It is believed that engaging with nature and the environment has strong links with mental and physical well-being. As the weather starts to improve we can utilise this time to learn in the outdoor environment. Current social distancing restrictions make this extremely challenging if you do not have access to your own garden, however there are still learning opportunities to be had.
Below are some outdoor learning ideas, if you have any of your own then please share here in our forum.
- Bug hunting
- Create your own bug hotel.
- Bird watching
- Create your own bird feeder.
- Bark rubbing
- Photography – why not explore signs of spring, different insects and birds in your garden or the clouds through taking photographs?
- Create your own mud kitchen, add in different leaves and herbs.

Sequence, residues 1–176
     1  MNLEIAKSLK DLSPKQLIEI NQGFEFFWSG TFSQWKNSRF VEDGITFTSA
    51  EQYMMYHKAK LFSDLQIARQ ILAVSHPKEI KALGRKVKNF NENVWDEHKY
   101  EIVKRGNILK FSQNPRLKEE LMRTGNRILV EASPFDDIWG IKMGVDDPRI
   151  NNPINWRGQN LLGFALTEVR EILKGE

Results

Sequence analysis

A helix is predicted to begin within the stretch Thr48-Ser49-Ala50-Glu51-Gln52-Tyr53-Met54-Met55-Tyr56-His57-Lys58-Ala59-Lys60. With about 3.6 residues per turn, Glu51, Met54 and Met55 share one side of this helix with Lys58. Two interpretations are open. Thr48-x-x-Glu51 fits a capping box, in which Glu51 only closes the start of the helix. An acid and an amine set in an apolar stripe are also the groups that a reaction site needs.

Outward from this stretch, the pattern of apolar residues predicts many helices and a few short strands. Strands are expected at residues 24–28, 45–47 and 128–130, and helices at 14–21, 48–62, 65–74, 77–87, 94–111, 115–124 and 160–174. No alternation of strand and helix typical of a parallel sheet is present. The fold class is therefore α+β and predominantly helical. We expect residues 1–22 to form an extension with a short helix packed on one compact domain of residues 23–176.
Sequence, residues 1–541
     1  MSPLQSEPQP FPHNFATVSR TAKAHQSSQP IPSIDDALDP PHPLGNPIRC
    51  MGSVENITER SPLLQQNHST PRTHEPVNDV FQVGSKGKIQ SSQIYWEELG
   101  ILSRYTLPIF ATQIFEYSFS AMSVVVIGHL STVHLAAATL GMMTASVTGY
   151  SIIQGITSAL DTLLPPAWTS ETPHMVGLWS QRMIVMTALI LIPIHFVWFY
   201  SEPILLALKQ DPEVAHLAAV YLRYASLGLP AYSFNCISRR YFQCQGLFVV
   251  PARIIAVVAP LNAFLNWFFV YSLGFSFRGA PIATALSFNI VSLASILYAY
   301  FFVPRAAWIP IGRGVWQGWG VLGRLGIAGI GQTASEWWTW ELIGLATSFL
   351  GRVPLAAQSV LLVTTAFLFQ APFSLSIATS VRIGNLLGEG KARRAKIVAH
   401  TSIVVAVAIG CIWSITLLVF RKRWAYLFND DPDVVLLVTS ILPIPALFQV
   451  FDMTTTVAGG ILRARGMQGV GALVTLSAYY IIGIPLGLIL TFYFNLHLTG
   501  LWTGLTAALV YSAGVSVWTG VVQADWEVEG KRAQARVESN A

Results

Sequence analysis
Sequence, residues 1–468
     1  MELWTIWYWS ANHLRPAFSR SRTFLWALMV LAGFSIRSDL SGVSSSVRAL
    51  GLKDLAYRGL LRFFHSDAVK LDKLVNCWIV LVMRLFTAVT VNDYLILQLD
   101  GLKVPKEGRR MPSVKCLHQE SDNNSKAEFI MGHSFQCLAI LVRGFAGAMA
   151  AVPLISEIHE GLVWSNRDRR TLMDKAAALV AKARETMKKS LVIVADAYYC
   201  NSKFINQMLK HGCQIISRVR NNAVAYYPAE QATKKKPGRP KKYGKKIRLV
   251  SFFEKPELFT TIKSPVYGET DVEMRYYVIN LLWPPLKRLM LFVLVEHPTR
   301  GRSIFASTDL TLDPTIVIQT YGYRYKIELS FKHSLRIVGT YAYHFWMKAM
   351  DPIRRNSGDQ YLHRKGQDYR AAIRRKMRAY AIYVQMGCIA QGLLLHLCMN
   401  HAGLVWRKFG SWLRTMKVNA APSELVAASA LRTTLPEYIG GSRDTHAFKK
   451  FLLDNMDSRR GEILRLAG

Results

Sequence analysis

- Make flower petal perfume.
- Paint or sketch nature.
- Star gazing
- Build a den.
Weather and Climate
- Cloud gazing
- Make your own weather station including things like a rain collector and a windsock.
- Shadow drawing
- Create your own sundial.
- Create an assault course.
- Try orienteering, here is a fun game you could try at home.
- Exercise in the outdoors; skip, run, star jump, explore some yoga poses.
- Practice forward rolls, teddy bear rolls and cartwheels.
- Learn some skipping and jump roping games.
English and Maths
- Collect natural materials to measure and place in order.
- Recreate a well know story such as We’re Going on a Bear Hunt.
- Have a teddy bear’s picnic. Write a menu or use measuring jugs to measure out different containers for different size bears.
- Make some houses for the Three Little Pigs using natural resources such as sticks, stones and leaves.
- Use your bike or scooter to be a delivery driver. You could deliver take away food from your mud kitchen. Make a menu with prices on and write down orders.
- Explore patterns in nature. Younger children could draw and identify the shapes and patterns that they see. Older children could explore the Golden Ratio. Measure the height of flowers and divide by the width of the flower, does it equal 1.618 (the golden ratio)?